Most first-time homeowners would jump at the idea of buying a home with a swimming pool if it’s in their price range. It’s the ultimate luxury, right? It also ups your property value by 5-8 percent if you plan on selling down the line. Not to mention, a pool might be at the heart of all your best spring and summer memories.
But the reality is that sometimes the relationship between the homeowner and the swimming pool just doesn’t quite work out. This space could be used for something else and it may be a better idea to eliminate your swimming pool entirely.
Whether you’re a new or well-seasoned homeowner, learn more about how to get rid of a swimming pool in this article.
When Is It Time To Get Rid of Your Swimming Pool?
If you find yourself staring out the window at its turquoise blue (or murky) waters, wondering ”should I fill in my pool?”, then you probably already know the answer. But how do you know when filling in a swimming pool is the best idea, and better yet, whether it’s worth the cost?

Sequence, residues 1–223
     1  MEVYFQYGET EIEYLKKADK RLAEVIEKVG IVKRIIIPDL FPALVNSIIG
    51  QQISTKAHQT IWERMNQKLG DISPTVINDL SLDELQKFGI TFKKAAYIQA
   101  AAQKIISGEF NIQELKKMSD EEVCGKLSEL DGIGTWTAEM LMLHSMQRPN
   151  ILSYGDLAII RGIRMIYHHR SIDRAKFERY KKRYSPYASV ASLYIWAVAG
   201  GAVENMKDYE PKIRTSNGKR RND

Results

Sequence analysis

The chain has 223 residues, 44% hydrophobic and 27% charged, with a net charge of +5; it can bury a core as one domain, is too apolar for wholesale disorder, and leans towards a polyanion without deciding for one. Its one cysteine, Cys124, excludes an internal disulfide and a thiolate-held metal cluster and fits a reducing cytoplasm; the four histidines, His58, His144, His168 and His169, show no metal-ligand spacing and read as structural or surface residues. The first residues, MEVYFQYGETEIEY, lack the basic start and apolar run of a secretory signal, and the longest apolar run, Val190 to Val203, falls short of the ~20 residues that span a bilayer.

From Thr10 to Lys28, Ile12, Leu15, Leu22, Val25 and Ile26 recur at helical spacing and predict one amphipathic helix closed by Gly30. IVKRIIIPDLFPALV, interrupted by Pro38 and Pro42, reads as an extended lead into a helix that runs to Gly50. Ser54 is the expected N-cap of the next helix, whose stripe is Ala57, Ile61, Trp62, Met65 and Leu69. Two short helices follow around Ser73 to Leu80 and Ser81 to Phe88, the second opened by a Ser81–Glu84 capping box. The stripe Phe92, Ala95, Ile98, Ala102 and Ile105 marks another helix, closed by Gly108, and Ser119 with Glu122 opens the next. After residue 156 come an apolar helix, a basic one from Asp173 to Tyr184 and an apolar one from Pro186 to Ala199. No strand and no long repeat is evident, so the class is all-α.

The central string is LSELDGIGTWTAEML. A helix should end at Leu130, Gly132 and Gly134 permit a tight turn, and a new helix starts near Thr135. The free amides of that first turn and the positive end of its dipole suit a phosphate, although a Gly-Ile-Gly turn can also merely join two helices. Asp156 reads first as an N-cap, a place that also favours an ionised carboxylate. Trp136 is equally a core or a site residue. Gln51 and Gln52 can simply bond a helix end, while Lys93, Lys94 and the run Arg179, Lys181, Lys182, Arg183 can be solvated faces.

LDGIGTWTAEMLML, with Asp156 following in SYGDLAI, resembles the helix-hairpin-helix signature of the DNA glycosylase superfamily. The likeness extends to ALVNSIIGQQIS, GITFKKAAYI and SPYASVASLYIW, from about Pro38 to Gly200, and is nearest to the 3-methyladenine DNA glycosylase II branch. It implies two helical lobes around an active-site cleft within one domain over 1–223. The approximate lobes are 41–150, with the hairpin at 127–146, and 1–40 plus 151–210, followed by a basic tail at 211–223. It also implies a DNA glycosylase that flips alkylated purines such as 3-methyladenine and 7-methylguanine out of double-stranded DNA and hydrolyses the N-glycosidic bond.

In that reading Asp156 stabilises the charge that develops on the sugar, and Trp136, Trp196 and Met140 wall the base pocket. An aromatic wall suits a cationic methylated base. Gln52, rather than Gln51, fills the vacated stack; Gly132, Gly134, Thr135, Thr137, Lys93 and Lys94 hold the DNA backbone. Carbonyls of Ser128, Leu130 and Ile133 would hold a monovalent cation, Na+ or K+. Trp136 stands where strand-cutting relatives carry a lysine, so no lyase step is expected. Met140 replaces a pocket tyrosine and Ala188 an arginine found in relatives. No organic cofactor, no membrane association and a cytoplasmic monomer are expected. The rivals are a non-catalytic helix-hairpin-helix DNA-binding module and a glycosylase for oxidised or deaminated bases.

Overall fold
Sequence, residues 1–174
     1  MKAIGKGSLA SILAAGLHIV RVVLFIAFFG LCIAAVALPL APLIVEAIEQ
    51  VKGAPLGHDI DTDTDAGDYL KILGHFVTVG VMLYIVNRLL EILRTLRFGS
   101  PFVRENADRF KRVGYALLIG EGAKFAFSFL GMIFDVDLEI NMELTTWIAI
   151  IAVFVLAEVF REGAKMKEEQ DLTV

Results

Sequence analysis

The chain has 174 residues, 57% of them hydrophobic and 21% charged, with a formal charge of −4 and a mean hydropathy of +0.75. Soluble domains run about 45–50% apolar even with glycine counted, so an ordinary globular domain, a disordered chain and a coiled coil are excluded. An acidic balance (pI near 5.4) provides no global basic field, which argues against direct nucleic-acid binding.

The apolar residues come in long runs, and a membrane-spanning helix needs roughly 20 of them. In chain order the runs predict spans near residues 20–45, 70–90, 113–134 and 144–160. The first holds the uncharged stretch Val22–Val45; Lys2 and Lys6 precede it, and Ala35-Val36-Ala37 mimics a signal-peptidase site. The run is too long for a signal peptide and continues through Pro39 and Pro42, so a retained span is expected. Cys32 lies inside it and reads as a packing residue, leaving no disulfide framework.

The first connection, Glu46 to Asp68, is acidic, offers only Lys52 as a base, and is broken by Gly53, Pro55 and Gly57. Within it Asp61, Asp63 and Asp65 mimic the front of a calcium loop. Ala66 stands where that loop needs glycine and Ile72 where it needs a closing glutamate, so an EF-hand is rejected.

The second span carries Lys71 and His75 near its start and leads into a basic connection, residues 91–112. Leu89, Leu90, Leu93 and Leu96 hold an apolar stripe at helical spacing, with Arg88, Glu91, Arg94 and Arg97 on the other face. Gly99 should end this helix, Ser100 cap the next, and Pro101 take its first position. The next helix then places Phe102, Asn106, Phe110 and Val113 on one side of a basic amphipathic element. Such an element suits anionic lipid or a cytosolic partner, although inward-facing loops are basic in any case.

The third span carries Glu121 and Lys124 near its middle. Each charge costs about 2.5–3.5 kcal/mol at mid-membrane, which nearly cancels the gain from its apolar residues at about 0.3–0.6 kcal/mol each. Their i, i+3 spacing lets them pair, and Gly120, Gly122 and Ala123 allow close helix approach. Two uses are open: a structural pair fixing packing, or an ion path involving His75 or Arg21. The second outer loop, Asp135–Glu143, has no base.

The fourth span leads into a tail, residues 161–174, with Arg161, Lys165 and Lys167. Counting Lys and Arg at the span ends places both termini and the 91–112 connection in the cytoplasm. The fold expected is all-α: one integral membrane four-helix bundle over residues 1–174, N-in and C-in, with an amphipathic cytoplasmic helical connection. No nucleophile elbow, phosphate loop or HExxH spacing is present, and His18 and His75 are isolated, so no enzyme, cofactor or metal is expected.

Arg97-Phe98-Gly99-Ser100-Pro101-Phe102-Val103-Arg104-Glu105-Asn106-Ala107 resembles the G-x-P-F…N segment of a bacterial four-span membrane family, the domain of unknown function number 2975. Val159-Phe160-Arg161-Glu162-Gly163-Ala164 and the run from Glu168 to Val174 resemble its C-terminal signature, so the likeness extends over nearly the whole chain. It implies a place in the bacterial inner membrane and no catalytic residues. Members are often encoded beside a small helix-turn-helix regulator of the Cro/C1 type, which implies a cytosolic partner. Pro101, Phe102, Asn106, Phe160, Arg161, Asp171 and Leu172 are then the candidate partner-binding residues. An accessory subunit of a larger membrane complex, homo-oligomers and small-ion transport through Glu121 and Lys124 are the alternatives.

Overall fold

Here are some of the most relevant reasons to fill in your pool:
- It’s plain and simple — you just don’t use it as much as you used to
- The cost of swimming pool maintenance far outweighs how much you use it, i.e. it’s not worth maintaining any longer
- You’ve been spending far too much on repetitive repairs and it’s becoming a financial liability
- You want to retrofit or remodel your pool to keep up with compliance, but it’s just too costly to do so
Filling in a pool is also a good idea if it’s no longer considered an asset when selling your home. Most of the time, a well-maintained swimming pool would be considered a major selling point. But if it’s in poor condition and in need of major repair or remodeling work, this can work against you in the sale of your home.
How To Get Rid of a Swimming Pool: Your Best Options
So, you’ve made the decision to ax your swimming pool, but you may be wondering, do I fill my pool with dirt? Do I completely demo the pool? How much is it to fill an inground pool, anyway?